Settlement of the barnacle Elminius modestus Darwin on the test panels at Helgoland (North Sea): a ten year study


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kanger [ at ] awi-bremerhaven.de

Abstract

Settling intensity (i.e. sum of individuals settled during subsequent one month periods on clean Plexiglas panels) and settling success (i.e. numbers of individuals at the end of the colonization period found on fouling panels submerged since the beginning of the experiments in March/April) have been monitored at the island of Helgoland (North Sea) from 1977 to 1986. The settling intensity and settling success of Elminius modestus showed characteristic deviations in some years during the 10 years studied. Very weak settling intensity and success were registered in the summer of 1979, 1980, 1982 and 1986. With the exception of 1980, these low settling intensity and success may be explained by unusually cold winters which in these years preceded the season of colonization and visibly decimated adult populations in the German Bight (significant positive correlation between water and air temperatures during winter months and subsequent colonization intensities of E. modestus). It is assumed that this barnacle species, which was introduced from New Zealand only 45 years ago, is subject to considerable genetic selection pressure towards cold adaptation.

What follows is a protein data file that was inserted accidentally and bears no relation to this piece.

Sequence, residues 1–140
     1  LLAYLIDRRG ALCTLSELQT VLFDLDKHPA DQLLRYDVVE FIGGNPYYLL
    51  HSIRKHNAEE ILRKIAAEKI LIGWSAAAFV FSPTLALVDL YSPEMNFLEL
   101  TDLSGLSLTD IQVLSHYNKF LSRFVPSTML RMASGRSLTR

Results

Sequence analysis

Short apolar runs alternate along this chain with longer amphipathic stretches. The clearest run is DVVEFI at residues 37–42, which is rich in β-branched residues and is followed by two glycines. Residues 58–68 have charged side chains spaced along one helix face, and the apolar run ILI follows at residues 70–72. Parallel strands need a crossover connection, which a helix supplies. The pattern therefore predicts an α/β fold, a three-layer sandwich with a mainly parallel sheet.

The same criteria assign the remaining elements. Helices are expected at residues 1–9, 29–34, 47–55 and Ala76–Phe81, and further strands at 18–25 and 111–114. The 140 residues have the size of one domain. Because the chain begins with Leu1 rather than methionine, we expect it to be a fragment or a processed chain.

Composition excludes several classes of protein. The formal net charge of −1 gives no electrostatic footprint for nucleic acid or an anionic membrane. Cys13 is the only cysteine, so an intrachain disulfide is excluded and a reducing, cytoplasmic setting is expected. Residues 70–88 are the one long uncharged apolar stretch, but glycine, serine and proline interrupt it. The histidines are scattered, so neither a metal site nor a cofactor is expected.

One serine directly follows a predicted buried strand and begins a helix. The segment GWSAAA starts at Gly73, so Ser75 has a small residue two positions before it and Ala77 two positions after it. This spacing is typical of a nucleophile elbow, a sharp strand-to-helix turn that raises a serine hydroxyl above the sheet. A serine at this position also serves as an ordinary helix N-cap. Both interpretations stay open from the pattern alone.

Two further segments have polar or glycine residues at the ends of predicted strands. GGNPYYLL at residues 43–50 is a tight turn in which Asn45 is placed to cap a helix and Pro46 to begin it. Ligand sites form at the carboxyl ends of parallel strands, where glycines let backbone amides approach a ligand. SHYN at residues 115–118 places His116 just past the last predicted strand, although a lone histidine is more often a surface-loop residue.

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ISI/Scopus peer-reviewed
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Published
Eprint ID
4299
Cite as
Harms, J. and Anger, K. (1989): Settlement of the barnacle Elminius modestus Darwin on the test panels at Helgoland (North Sea): a ten year study , Scientia marina, 53 , pp. 417-421 .


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